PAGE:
Thirtysomething condo owner Shara Bruce says that despite her relatively high-paying job, she still couldn’t afford to buy the condo she owns in the Woodward’s building.
That’s why Ms. Bruce’s mother made the down payment.
“There’s no way I could save that kind of money for a down payment living in Vancouver,” she explains. “And I don’t make a small amount of money. I make a fairly good salary as a construction contractor.
“I can totally pay her back, or it can be part of my inheritance.”
Her mother, Ruby Bruce, says she also paid her other daughter’s down payment on a Vancouver condo.
“It’s tough for them to get the money together,” said the elder Ms. Bruce. “The other daughter paid me back when her place sold.”
Ms. Bruce’s mother is part of a demographic that has done better than most in terms of real estate, which is why marketers like Bob Rennie are looking to her age group for future sales. Ruby Bruce bought her Vancouver home more than 36 years ago for $54,900, and today it is worth $750,000. Because parents have clear title to their homes, they can borrow against that equity or use their retirement savings to help their kids.
Mr. Rennie says Vancouverites between 55 and 74 years old have clear title to $88-billion worth of homes, according to new statistics supplied to him by Landcor and Urban Futures. And signs indicate that some are selling and moving to smaller places, and, instead of spending or investing the extra cash in an uncertain market, using it to get their children and grandchildren into the city’s pricey real estate market, which they regard as a safe place to put it.
“I believe that the baby boomer is now so risk averse that they are taking their money off the table and consolidating, and the first-time buyer is a benefactor of this aging demographic,” Mr. Rennie told a sold-out audience at the Urban Development Institute’s annual general meeting last week.
Mr. Rennie forecasts that the wealthy demographic will continue to transfer its equity to the younger generation, and “buy down” while maintaining their lifestyle.
“I believe that this room’s success will be to understand what this risk averse, buy-down baby boomer will buy next,” he told the audience of developers, marketers and industry players.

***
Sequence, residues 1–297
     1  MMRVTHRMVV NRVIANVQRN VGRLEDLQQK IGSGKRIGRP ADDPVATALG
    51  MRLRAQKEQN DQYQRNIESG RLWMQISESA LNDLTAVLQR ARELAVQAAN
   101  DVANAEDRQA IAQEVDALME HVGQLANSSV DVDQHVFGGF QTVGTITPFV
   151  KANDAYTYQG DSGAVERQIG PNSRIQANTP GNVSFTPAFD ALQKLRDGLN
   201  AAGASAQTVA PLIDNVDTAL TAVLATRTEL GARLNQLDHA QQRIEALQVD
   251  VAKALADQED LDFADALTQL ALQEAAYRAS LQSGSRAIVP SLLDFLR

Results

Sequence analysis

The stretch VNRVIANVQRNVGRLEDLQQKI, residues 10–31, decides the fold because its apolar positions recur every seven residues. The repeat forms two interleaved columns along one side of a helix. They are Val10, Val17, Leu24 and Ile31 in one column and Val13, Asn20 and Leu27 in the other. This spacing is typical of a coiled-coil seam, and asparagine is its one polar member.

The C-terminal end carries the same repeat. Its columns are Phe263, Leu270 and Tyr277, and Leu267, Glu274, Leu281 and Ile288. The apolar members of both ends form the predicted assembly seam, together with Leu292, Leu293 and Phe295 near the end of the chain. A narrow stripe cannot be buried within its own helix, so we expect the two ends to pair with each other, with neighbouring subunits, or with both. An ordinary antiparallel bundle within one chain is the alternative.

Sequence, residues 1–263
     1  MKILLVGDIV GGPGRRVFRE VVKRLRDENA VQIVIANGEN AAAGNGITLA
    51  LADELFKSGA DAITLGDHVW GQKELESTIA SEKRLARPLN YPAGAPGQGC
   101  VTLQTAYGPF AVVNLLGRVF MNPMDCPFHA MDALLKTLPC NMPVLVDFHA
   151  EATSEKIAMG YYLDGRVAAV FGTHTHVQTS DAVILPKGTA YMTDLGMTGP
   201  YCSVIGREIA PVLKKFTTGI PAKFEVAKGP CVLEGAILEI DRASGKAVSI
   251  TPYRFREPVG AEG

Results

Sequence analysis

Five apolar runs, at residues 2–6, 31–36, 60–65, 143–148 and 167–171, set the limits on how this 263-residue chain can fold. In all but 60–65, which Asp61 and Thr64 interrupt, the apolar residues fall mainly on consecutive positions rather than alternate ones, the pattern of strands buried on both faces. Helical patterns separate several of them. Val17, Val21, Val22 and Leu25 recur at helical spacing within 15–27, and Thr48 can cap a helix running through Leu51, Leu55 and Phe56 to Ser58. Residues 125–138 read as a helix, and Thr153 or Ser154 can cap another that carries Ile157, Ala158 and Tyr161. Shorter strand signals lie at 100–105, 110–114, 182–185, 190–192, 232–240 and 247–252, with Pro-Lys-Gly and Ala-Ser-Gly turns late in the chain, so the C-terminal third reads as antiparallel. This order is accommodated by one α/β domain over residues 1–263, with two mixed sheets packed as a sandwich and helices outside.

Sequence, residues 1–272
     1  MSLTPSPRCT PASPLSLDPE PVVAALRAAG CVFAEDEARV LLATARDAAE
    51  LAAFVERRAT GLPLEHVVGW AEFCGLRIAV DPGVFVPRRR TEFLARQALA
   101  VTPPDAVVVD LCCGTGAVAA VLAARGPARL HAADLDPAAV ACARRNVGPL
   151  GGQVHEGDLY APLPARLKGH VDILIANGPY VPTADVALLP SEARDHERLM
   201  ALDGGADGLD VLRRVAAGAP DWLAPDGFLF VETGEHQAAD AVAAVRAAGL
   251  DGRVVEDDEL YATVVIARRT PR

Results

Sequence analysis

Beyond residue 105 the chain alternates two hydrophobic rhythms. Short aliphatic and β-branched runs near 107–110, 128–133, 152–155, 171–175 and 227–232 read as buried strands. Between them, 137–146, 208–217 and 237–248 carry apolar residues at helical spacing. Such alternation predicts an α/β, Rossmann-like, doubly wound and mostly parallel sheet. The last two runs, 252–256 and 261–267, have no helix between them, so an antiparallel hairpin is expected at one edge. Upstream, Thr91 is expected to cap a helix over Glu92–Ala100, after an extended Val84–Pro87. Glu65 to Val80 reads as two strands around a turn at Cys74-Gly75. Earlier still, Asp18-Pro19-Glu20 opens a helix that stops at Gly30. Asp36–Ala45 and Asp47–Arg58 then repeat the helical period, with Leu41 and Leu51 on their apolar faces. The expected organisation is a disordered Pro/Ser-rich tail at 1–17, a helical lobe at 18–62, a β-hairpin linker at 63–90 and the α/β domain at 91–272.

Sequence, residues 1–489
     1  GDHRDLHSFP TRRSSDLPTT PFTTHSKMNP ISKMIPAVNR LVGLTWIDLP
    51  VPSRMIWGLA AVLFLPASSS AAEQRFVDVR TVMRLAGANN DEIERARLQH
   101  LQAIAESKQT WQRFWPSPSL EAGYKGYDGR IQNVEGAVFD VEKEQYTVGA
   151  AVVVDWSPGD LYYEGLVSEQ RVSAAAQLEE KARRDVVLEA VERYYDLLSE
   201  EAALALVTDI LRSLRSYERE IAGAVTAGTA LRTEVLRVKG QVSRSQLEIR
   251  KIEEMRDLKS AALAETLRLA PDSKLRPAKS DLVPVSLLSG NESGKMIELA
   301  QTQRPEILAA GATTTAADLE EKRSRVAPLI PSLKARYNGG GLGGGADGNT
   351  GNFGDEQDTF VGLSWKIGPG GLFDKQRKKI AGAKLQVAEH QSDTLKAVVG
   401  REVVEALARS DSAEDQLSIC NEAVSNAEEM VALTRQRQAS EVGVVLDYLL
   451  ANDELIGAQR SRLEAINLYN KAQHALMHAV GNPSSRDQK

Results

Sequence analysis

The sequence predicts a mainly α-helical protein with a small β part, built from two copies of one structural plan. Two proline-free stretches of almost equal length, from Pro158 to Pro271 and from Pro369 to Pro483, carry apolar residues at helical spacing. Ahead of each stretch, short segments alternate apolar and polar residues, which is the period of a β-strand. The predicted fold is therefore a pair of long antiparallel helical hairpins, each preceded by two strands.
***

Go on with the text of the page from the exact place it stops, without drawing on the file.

“The important thing is that they are trying to protect the money they have rather than risk more,” he said later. “Their pension funds and opportunities are becoming capped. This risk-averse baby boomer means that money is going to be freed up.”
Ross McCredie, president of Sotheby’s International Realty Canada, says he’s also seeing the trend, particularly among 24- to 32-year-olds. Their parents see real estate as a safe place to invest.
“Vancouver is extremely expensive, so most young people buying are doing so with assistance from their parents,” Mr. McCredie said. “A lot of companies, like ours, are advising baby boomers to set up a succession plan, and part of that includes saying to your kids, ‘We don’t want to waste our inheritance, so you buy real estate with it.’
“We see it in a significant way with Mainland Chinese families who may have immigrated here and bought assets here. They are buying real estate for their children.”
Mr. Rennie commissioned the study after he discovered a large number of first-time buyers of his Marine Gateway condo project at Marine Drive and Cambie received their down payments from parents and grandparents. He asked Landcor and Urban Futures to find out how many clear-title homes in Vancouver that particular age group owned. And he discovered they were transferring a startling cache of equity to their children.
Victoria-based homeowner Gail Argatoff says she and her husband recently bought a condo in Kitsilano for their daughter and son-in-law.
“We got them a condo and they are going to work on paying us back when she finishes law school,” Ms. Argatoff said. “Instead of them paying rent, they are gradually paying us. … We have another daughter and we’d like to do the same for her one day because she’s single.
“Since it’s our retirement money that we are using, it is a stretch. But I just don’t see how they could afford to buy a place. I don’t see how affordable the city will be for the future generation.”
Robert MacKay, senior marketing and communications manager for PricewaterhouseCoopers, says he plans to buy a two-bedroom condo in North Vancouver for his three children.
“It’s using the equity out of the family home to buy the condo and they can pay rent to cover the mortgage, and then they have something. It’s just a matter of letting them stay in town so they can go to university and whatnot.”
Mr. MacKay says he and his wife will also be the recipients of an equity transfer in the form of inheritance.
“We don’t like to think about it that way, but [our parents]are not going to be on their own for very much longer.”
That $88-billion statistic represents 113 primary dwellings with an average value of $777,000. It is a 33-per-cent increase since 2006, when the average home value was $586,000 with a total worth of $66-billion for the demographic. As well, the 45- to 54-year-old group owns $36-billion in clear title primary dwellings. Those stats were also provided by Urban Futures and Landcor.
Mr. MacKay believes that most young people won’t have land-rich parents.
“There are still a lot of people my age who don’t own a huge chunk of real estate.
“I think [unaffordability]is a very significant issue,” Mr. MacKay said. “So be nice to your parents,” he added, laughing.
Special to The Globe and Mail